On the 6th April 2010, Gordon Brown, the British Prime Minister, announced a general election, to be held on the 6th May. Six days later, on April 12th, the Parliament was dissolved and the election campaign began. Brown and his Labour Party are looking to secure their fourth consecutive term in office. The Conservative Party, led by David Cameron are seeking to replace Labour as the governing party. Up until a few weeks ago, the Liberal Democrats, and their leader Nick Clegg were not considered a threat to either party.
However, a lot has changed in those few weeks. For the first time since 1979, none of the three main party leaders has headed a previous general election campaign. For the first time at a British election, the three main party leaders are engaging in a series of three televised debates, modelled on the debates held in U.S. Presidential elections. How much of an effect are these much publicised, and much talked about debates having on the media coverage for Labour, Conservatives and Liberal Democrats and their leaders? How are the media, in the UK, and across the globe, covering the various parties? And which leader is winning the battle for the headlines?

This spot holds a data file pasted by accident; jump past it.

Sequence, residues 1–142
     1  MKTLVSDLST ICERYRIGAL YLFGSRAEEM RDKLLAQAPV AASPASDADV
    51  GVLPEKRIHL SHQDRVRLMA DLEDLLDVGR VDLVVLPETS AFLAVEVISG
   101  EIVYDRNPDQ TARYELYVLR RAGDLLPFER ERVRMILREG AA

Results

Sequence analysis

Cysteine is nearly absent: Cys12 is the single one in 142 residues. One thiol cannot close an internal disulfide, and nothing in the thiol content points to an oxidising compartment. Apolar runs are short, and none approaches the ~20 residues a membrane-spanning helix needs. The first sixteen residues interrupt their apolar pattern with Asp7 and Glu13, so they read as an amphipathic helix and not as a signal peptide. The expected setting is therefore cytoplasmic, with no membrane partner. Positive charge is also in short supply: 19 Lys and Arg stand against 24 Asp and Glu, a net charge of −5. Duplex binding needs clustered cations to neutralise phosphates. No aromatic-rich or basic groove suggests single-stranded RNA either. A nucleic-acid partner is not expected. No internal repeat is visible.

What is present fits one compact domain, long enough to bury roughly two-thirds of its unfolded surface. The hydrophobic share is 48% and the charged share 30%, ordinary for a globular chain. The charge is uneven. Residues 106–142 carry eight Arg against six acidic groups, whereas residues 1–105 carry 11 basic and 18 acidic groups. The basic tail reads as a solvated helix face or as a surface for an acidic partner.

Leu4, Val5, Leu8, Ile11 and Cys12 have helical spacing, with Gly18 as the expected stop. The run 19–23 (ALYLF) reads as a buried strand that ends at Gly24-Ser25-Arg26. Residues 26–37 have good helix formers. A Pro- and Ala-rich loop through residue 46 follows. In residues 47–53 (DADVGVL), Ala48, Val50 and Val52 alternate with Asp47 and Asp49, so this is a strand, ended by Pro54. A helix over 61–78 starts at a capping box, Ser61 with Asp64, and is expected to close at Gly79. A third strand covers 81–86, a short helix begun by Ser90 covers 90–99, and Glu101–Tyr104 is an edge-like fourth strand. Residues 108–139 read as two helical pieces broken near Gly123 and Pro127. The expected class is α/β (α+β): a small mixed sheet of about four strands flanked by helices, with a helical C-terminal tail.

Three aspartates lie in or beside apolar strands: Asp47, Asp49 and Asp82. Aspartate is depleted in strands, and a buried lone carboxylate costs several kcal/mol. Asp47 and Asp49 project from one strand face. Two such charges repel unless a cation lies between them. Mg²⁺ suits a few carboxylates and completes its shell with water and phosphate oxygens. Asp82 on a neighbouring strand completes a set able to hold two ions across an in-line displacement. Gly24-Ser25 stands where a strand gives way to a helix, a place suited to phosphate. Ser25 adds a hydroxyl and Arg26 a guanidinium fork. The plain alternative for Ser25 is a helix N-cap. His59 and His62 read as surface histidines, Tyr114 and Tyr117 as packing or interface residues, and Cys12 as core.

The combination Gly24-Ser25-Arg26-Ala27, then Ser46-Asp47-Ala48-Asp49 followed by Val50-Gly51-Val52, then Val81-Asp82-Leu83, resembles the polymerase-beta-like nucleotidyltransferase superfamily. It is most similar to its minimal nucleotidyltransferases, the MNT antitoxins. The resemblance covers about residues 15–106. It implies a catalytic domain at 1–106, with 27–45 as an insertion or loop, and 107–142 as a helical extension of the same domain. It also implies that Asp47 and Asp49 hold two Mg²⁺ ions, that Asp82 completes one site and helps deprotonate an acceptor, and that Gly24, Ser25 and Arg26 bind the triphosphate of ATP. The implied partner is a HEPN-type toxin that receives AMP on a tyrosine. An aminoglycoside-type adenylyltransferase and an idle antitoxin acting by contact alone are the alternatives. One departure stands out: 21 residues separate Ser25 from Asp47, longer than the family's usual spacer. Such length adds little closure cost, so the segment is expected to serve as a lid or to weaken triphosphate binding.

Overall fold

O’Leary Analytics has examined the online media coverage in over 12,700 UK Publications and 121,000 Global Publications and now looks at the trends emerging ahead of the third and final televised debate.
2010 – Election Year
Since the start of the year, media coverage of the various parties in relation to the forthcoming general election, has steadily increased. The line graph below illustrates this trend. In the week of April 6th, when the election was formally announced, a dramatic increase in coverage for all three parties can be seen.
The line graph below is based on UK publications. The criteria for the search was any article which mentioned the political party and the word “election”, “elected”, “electorate”, etc. The analysis illustrates that Labour have held the lead in the media stakes since the start of the year, followed closely by the Conservatives. The Liberal Democrats have been a distant third for most of the year.
The coverage for each party is very much in line with the coverage of their respective leaders. Gordon Brown has grabbed more than half of all the headlines this year in relation to the election. David Cameron is again second with just over 30% while Liberal Democrat leader, Nick Clegg, is third.
What a difference a month makes
Since the 6th April, when the election was announced, the media coverage has changed dramatically. That the volume has increased is of little surprise – in the UK it set to dominate the column inches up until the result is announced. However, each party, and their leaders, has also seen major changes in their own coverage.
The line graph below is a day by day breakdown of the coverage each of the three parties generated in relation to the elections in April 2010. A number of points stand out:
- On April 1st, Labour and the Conservatives were neck and neck in the media race. The Liberal Democrats were a distant third with less than half the coverage of their major rivals.
- By April 15th, the Lib Dems had closed the gap on the Conservatives, with Labour now in a clear lead.